I’ve been appearing at book stores across Newcastle, the Central Coast and Sydney to sell and promote The Wounded Guardian over the last few months – and one topic that keeps coming up, as I chat about books in general and fantasy in particular, is Twilight.
Time and again mothers and grandmothers have asked me if The Wounded Guardian has strong female characters in it, because they are concerned about the portrayal of women in Twilight. The final straw, so to speak, came when I spoke to a high school principal, who said she loved the way Twilight has her girls reading but was worried about some of the messages within. She purchased a copy of my book to see if there were other options to get girls reading.
Although I have not read Twilight, it was obvious to me that there was a story here. That much community concern, across so many different areas, was too big to ignore.
Wearing my other hat, that of The Sunday Telegraph, I spoke to a variety of people and came up with an article that was published on Sunday November 15.
With thanks to The Sunday Telegraph, here is that article, with some added quotes that were edited out of the finished article for space reasons:
It is both a love story celebrated by millions and a textbook abusive relationship, a light-hearted fantasy aimed at teens and tweens that has disturbing messages about sex. Welcome to Twilight.
The best-selling book series and now blockbuster movies have captured imaginations across the world and inspired devotion in its fans.
Twilight also has many lining up to attack it, with accusations of everything from bad writing to betraying the vampire genre to Mormon brainwashing.
But leaving aside the mud-slinging, the literary world and schools are warning parents not to simply go along with the marketing hype and peer pressure, but to first understand exactly what it is their children are reading.
While they sing Twilight‘s praises for encouraging people to read and inspiring debate about reading, the concern is the way the book portrays women – its key readership – and their relationship with men.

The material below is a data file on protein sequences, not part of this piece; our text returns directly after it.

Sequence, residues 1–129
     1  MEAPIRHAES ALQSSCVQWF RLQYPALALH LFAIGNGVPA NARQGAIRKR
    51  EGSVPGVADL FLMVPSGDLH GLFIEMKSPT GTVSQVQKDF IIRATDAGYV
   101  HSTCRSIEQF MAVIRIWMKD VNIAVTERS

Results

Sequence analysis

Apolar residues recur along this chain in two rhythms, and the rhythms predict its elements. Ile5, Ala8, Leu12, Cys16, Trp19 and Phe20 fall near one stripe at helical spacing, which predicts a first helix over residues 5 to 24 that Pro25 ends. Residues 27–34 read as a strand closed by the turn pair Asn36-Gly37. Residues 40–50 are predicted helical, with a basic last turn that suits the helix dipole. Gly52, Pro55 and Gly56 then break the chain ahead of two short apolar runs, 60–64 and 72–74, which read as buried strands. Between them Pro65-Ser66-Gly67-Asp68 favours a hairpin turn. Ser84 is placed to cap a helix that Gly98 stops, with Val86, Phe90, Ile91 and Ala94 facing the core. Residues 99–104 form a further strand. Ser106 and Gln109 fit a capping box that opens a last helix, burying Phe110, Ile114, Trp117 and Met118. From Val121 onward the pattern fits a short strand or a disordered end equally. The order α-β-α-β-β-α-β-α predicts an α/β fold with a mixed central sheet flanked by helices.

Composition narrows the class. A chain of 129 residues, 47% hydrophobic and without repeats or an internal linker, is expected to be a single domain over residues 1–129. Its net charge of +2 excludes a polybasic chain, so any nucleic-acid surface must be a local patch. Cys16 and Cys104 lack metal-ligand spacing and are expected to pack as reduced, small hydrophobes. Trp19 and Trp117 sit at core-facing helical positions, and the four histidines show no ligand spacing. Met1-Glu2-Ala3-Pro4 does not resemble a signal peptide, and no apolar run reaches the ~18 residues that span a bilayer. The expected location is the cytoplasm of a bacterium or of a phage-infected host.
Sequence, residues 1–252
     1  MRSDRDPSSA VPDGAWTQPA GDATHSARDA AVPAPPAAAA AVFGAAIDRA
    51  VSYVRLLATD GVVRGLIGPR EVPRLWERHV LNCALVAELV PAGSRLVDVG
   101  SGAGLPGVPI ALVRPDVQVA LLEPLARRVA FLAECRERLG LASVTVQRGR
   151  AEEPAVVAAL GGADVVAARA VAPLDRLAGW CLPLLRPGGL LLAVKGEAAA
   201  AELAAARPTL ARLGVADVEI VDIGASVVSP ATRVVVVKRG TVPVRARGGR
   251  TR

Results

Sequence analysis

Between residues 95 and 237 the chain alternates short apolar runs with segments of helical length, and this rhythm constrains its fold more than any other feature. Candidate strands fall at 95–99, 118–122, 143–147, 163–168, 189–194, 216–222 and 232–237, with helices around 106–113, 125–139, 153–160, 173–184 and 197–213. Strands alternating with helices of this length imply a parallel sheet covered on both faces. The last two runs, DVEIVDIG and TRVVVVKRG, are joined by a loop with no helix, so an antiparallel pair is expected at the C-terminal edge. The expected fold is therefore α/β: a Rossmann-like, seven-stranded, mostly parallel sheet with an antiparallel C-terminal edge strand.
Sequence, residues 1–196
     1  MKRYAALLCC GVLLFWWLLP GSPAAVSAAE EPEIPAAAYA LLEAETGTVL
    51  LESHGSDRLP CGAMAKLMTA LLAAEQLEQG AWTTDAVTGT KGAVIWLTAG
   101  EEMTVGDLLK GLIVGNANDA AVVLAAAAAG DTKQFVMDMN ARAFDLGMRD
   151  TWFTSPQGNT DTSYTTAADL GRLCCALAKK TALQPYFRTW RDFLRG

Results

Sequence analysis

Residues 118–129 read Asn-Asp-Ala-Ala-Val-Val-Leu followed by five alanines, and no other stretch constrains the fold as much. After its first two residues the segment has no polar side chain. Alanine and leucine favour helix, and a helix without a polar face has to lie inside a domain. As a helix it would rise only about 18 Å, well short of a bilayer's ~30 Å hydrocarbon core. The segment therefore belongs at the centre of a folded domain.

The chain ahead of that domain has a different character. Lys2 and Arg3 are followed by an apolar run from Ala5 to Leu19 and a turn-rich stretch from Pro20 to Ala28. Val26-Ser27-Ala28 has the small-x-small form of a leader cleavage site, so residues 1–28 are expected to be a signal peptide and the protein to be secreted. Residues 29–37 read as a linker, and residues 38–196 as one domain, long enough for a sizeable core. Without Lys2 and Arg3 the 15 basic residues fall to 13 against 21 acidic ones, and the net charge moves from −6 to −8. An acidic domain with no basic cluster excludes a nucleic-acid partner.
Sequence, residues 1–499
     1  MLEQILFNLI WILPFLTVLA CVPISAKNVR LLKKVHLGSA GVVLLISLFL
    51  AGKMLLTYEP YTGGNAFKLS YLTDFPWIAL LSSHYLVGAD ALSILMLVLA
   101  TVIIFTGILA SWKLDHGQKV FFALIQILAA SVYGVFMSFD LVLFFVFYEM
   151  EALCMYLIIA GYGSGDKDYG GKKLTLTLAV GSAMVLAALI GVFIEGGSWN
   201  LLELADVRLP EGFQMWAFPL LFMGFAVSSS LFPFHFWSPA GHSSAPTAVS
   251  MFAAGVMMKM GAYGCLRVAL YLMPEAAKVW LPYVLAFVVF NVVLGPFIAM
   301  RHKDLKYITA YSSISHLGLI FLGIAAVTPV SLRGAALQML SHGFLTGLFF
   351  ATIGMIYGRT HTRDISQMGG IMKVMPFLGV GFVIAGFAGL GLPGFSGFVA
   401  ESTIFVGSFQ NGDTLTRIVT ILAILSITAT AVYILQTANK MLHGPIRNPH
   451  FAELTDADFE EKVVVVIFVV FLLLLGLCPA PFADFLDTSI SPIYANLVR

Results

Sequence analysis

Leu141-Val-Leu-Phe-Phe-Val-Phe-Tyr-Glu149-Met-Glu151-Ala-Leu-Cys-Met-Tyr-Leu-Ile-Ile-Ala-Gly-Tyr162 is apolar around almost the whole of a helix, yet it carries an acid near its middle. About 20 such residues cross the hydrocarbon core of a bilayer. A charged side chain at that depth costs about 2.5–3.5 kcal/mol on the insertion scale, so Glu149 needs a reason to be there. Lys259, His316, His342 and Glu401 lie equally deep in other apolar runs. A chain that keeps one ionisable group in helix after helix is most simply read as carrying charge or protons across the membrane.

While older readers should be able to distinguish fantasy from reality, and put the story in context, along the lines of Cinderella or Sleeping Beauty, the concern is what effect it will have on younger readers, particularly those who are using Twilight as their entry point to reading. Twilight centres on Bella, a human girl, and her relationship with Edward, a vampire and Jacob, a werewolf. This love triangle is resolved when Bella has a child with Edward that begins to rip its way out of her, breaking her ribs and pelvis, forcing Edward to tear open her stomach with his vampire teeth to deliver it in an emergency caesarean – and so Jacob falls in love with this child.
While this is a disturbing end to the tale in many ways, critics say the problems begin much, much earlier.
Literary agent Sophie Hamley, of Cameron’s Management, likes vampire stories but says fans should get into Buffy, not Twilight.
‘Basically the books, especially the fourth, detail a textbook abusive relationship,’ she said. ‘The message seems to be that you can’t live without a man, particularly an idealised one.
‘In many respects Edward is constructed as a classic romantic hero – brooding and handsome, and even Mr Darcy was withholding. But the constant threat of violence, while possibly exhilarating for readers, is unnerving. If I were convinced that Twi-hards were reading other books to balance it out, fine, but for a lot of people this will be their first plunge into reading a series so there will be no context. ‘